Are your teeth or wisdom teeth causing pain? Are they misaligned or impacted? Sometimes damaged teeth can’t be saved and have to be extracted. At Rawson Dental Epping, we can safely and gently remove teeth – including wisdom teeth. You can be sure that whatever is best for your oral health will also be done to the highest standards.
Nowadays teeth are not extracted as frequently as they used to be in the past, because it is often better to repair the affected tooth in some way so it can be kept instead. It’s a matter of weighing up what is best long-term against the best appearance and functionality possible for you.
The problem with extracting teeth is that the remaining adjacent teeth tend to partially move or tilt into the gap created. This causes problems with your bite and makes it difficult to clean the shifted teeth thoroughly.
Teeth might still need to be extracted for the following reasons:
- Extensive damage of a tooth
If a tooth is severely damage by trauma or decay it might need to be extracted.
- Periodontal disease
Sometimes the result of periodontal disease, despite treatment, means that a tooth must be extracted. This happens because untreated periodontal disease can damage the tissues and bone surrounding its root, so the tooth sits loosely in its socket. [Periodontal disease is gum disease.] It begins in the first place because poor dental hygiene allows plaque/tartar to build up on the teeth which then inflames and infects the gums.
- Prevention of complications
Badly diseased teeth are removed to prevent complications like an abscess in a tooth or tooth root, or the spread of infection via the blood stream to other parts of the body.
- Cosmetic reasons
A tooth might be removed during orthodontic treatment, if it interferes with another tooth, or for improving the appearance of your teeth in general.
- A tooth without an opposing partner
A tooth without an opposing partner to chew against might be removed to improve chewing.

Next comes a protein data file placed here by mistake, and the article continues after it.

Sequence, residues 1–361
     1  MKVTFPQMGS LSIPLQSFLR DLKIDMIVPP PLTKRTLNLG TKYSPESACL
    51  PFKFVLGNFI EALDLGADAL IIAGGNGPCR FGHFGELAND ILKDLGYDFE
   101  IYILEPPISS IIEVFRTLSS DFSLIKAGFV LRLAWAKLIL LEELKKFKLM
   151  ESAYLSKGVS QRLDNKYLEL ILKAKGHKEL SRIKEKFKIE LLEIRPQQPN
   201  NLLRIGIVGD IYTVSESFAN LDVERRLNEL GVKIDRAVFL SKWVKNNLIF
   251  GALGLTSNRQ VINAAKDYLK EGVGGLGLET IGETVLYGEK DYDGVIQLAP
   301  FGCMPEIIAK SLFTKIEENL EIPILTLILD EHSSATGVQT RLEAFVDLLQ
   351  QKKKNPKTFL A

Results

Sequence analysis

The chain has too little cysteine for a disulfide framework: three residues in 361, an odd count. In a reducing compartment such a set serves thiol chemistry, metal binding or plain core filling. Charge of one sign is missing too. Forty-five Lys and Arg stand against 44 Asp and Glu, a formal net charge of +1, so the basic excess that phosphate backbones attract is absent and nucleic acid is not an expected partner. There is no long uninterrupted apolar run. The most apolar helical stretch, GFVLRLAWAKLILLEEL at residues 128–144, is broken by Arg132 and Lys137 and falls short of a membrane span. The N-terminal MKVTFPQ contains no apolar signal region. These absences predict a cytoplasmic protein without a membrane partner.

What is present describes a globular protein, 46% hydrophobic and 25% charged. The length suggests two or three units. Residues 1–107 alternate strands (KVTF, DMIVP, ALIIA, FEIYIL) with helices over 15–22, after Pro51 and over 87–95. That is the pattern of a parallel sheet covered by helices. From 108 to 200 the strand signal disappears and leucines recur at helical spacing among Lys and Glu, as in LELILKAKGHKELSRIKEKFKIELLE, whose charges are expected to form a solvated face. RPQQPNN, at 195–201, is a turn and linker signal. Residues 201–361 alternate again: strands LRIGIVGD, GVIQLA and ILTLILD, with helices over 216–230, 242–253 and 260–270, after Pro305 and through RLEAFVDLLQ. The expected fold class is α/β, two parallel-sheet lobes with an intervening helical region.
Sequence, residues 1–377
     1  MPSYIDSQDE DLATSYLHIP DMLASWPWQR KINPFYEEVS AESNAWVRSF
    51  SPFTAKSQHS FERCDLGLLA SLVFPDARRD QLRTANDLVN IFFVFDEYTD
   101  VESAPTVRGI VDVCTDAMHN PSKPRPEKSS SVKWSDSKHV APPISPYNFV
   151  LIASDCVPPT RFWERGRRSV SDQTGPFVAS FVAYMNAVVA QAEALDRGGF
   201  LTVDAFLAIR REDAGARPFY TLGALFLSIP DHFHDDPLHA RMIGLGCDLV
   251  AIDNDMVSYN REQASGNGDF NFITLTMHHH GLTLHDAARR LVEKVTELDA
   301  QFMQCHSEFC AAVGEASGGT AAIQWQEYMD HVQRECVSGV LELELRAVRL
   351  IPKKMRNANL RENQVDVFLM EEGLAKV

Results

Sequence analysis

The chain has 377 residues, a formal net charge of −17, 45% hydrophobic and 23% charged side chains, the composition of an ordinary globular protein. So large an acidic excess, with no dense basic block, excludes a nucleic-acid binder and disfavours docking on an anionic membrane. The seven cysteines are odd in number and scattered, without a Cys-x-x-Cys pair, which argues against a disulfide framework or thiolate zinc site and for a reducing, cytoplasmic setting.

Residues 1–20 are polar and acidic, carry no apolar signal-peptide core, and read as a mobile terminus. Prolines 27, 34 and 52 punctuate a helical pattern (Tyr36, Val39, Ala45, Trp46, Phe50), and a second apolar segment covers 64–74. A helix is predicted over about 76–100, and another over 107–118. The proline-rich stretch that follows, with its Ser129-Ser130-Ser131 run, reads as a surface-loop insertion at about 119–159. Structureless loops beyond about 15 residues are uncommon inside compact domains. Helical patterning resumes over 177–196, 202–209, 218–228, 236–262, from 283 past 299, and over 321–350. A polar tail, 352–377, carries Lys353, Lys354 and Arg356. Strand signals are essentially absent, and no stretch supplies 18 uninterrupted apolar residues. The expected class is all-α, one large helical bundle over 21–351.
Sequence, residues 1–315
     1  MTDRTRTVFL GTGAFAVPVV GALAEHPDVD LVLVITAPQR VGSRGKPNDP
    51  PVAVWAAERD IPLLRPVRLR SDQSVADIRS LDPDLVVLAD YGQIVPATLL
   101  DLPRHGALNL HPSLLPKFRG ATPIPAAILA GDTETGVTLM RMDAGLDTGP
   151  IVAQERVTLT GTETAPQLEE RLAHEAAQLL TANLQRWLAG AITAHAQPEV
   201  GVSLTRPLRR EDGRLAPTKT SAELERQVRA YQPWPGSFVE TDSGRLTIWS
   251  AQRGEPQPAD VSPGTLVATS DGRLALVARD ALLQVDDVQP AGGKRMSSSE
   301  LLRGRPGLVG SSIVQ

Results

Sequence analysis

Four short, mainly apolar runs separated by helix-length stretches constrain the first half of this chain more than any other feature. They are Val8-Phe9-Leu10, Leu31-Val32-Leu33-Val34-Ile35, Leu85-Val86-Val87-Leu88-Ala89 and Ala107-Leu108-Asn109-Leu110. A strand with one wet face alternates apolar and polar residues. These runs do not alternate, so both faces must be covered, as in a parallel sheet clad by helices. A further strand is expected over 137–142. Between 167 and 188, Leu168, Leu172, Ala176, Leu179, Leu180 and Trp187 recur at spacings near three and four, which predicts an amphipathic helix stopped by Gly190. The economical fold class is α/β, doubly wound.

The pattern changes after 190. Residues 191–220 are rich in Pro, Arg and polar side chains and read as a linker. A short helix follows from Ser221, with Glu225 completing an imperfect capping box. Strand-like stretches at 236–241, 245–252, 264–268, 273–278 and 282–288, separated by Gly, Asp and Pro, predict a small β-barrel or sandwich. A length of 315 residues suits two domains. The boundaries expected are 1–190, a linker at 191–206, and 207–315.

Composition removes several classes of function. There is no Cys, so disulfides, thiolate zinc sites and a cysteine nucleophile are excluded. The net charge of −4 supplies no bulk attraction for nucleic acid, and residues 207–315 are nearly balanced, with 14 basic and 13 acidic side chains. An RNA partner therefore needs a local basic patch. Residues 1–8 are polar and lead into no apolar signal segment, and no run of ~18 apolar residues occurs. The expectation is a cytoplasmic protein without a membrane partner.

- A crack in the tooth root
A tooth with a cracked or split root might need to be removed, if its repair is impossible.
Together if we decide to extract a tooth, a series of steps will be followed.
An X-ray will be taken to help us plan how best to safely remove the tooth.
Even though modern anaesthetics are safe and very largely without risk, some people do have a serious reaction to one. If you have ever had a reaction to an anaesthetic, do tell your dentist.To remove your tooth, we can choose from:
- A local anaesthetic, which is injected into your gum to numb the area surrounding the tooth to be extracted after you have been given a tablet to help you relax.
- Conscious sedation with a local anaesthetic, in which you are medically sedated but are still awake, so you can cooperate with the dentist.
- General anaesthetic, in which you are sedated and asleep after having fasted for six hours [i.e. no food or drink].
The extraction method used will depend on the type of tooth being extracted, its roots and its position in your jaw.
Extractions vary from being easy to difficult. Factors making them difficult include:
- Extensive decay or large fillings [restorations] in the tooth
- Adjacent teeth having crowns or large fillings
- An abnormal tooth position that affects adjacent teeth
- An unerupted or impacted tooth or one that is fused to the jaw bone
- A nerve very close to the tooth
- Roots that are large and curved or penetrate deep into jaw bone.
Difficult molars can be surgically divided into segments to ease their removal.
Dr Le and associates at Rawson Dental will not decide to extract one of your teeth, unless they have considered the situation very carefully and have thoroughly discussed it with you.